Development of Cartilage-Derived Matrix Scaffolds via Crosslinking, Decellularization, and Ice-Templating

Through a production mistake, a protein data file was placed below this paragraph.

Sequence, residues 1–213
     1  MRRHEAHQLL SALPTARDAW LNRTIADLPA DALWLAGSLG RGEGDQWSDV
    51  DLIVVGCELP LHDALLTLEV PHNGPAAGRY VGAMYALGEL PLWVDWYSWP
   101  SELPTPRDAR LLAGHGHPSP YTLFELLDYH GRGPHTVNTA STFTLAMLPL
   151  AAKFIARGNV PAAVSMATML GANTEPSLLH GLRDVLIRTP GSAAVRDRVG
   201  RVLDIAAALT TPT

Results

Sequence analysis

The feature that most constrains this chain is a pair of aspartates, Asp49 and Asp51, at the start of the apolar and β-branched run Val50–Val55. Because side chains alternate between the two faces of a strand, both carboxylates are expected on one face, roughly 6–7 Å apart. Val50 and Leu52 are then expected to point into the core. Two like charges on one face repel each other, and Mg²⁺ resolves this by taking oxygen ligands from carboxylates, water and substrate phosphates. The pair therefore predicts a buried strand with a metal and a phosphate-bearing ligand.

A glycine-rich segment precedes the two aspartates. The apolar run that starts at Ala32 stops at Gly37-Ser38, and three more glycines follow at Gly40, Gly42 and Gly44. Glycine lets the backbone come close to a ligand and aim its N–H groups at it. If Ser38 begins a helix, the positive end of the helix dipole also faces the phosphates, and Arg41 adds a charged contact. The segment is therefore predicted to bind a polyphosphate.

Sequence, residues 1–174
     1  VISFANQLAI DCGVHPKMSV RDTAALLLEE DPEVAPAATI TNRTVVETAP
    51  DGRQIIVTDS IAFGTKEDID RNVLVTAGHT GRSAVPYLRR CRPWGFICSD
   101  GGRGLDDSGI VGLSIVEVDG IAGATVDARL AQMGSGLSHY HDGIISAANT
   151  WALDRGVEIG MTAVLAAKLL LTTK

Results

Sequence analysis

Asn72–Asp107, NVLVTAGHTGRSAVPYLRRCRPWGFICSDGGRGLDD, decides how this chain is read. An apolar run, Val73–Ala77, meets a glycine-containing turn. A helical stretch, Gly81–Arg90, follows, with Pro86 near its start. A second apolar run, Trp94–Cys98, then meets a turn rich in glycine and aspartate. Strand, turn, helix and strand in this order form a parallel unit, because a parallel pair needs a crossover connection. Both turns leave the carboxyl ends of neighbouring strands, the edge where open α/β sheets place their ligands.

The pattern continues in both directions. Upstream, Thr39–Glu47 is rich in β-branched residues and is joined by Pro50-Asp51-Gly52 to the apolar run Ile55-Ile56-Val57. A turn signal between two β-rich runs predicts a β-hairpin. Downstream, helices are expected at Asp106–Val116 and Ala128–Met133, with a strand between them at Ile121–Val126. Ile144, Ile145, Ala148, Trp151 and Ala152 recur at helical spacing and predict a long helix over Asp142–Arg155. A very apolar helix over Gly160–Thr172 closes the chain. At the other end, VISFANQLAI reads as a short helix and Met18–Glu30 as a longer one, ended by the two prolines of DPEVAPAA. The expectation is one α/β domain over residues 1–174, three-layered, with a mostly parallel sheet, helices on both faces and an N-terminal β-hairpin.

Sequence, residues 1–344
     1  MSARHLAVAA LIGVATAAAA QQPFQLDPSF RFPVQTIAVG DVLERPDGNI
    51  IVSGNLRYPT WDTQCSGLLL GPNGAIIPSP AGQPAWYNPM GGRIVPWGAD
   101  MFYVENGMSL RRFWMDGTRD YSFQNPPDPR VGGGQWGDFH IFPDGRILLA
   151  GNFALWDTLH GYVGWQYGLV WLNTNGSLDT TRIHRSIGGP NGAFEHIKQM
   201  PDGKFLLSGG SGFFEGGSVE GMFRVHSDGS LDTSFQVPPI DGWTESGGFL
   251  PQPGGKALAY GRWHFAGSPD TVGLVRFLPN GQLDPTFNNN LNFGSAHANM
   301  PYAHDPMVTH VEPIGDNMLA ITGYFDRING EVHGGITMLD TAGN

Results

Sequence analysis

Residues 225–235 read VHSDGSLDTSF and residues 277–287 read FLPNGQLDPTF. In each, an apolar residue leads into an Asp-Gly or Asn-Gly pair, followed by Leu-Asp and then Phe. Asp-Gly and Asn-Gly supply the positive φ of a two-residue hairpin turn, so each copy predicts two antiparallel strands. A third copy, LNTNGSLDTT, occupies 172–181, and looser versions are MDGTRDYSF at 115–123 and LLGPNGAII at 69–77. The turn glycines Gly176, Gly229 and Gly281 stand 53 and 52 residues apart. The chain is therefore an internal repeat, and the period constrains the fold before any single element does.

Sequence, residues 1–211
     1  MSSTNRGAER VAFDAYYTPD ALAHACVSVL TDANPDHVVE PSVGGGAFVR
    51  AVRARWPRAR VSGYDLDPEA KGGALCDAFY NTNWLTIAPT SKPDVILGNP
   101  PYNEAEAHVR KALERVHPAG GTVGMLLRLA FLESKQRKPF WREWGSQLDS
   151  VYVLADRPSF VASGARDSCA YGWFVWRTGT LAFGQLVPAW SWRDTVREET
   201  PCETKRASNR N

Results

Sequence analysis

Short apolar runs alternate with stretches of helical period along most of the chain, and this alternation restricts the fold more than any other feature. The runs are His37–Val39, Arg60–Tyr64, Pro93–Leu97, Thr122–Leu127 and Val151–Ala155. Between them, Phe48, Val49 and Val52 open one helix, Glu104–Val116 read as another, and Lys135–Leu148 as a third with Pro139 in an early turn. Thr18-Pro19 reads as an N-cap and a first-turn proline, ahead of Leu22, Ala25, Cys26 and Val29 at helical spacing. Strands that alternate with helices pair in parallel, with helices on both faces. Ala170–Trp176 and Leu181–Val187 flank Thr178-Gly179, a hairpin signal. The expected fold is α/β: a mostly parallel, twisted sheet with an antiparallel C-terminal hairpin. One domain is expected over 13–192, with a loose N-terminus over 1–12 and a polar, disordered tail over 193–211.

Articular cartilage is a connective tissue that lines the surfaces of diarthrodial joints; and functions to support and distribute loads as wells as facilitate smooth joint articulation. Unfortunately, cartilage possesses a limited capacity to self-repair. Once damaged, cartilage continues to degenerate until widespread cartilage loss results in the debilitating and painful disease of osteoarthritis. Current treatment options are limited to palliative interventions that seek to mitigate pain, and fail to recapitulate the native function. Cartilage tissue engineering offers a novel treatment option for the repair of focal defects as well as the complete resurfacing of osteoarthritic joints. Tissue engineering combines cells, growth factors, and biomaterials in order to synthesize new cartilage tissue that recapitulates the native structure, mechanical properties, and function of the native tissue. In this endeavor, there has been a growing interest in the use of scaffolds derived from the native extracellular matrix of cartilage. These cartilage-derived matrix (CDM) scaffolds have been show to recapitulate the native epitopes for cell-matrix interactions as well as provide entrapped growth factors; and have been shown to stimulate chondrogenic differentiation of a variety of cell types. Despite the potent chondroinductive properties of CDM scaffolds, they possess very weak mechanical properties that are several orders of magnitude lower than the native tissue. These poor mechanical properties lead to CDM scaffolds succumbing to cell-mediated contraction, which dramatically and unpredictably alters the size and shape of CDM constructs. Cell-mediated contraction not only prevents the fabrication of CDM constructs with specific, pre-determined dimensions, but also limits cellular proliferation and metabolic synthesis of cartilage proteins. This dissertation utilized collagen crosslinking techniques as well as ice-templating in order to enhance the mechanical properties of CDM scaffolds and prevent cell-mediated contraction. Furthermore, the decellularization of CDM was investigated in order to remove possible sources of immunogenicity. This work found that both physical and chemical crosslinking techniques were capable of preventing cell-mediated contraction in CDM scaffolds; however, the crosslinking techniques produced distinct effects on the chondroinductive capacity of CDM. Furthermore, the mechanical properties of CDM scaffolds were able to be enhanced by increasing the CDM concentration; however, this led to a concomitant decrease in pore size, which limited cellular infiltration. The pore size was able to be rescued through the use of an ice-templating technique that led to the formation of large aligned grooves, which enabled cellular infiltration. Additionally, a decellularization protocol was developed that successfully removed foreign DNA to the same order of magnitude as clinically approved materials, while preserving the native GAG content of the CDM, which has been shown to be critical in preserving the mechanical properties of the CDM. Altogether, this body of work demonstrated that dehydrothermal crosslinking was best suited for maintaining the chondroinductive capacity of the CDM, and given the appropriate scaffold fabrication parameters, such as CDM concentration and ice-templating technique, dehydrothermal treatment was able to confer mechanical properties that prevented cell-mediated contraction. To emphasize this finding, this work culminated in the fabrication of an anatomically-relevant hemispherical scaffold entirely from CDM alone. The CDM hemispheres not only supported chondrogenic differentiation, but also retained the original scaffold dimensions and shape throughout chondrogenic culture. These findings illustrate that CDM is a promising material for the fabrication of tailor-made scaffolds for cartilage tissue engineering.
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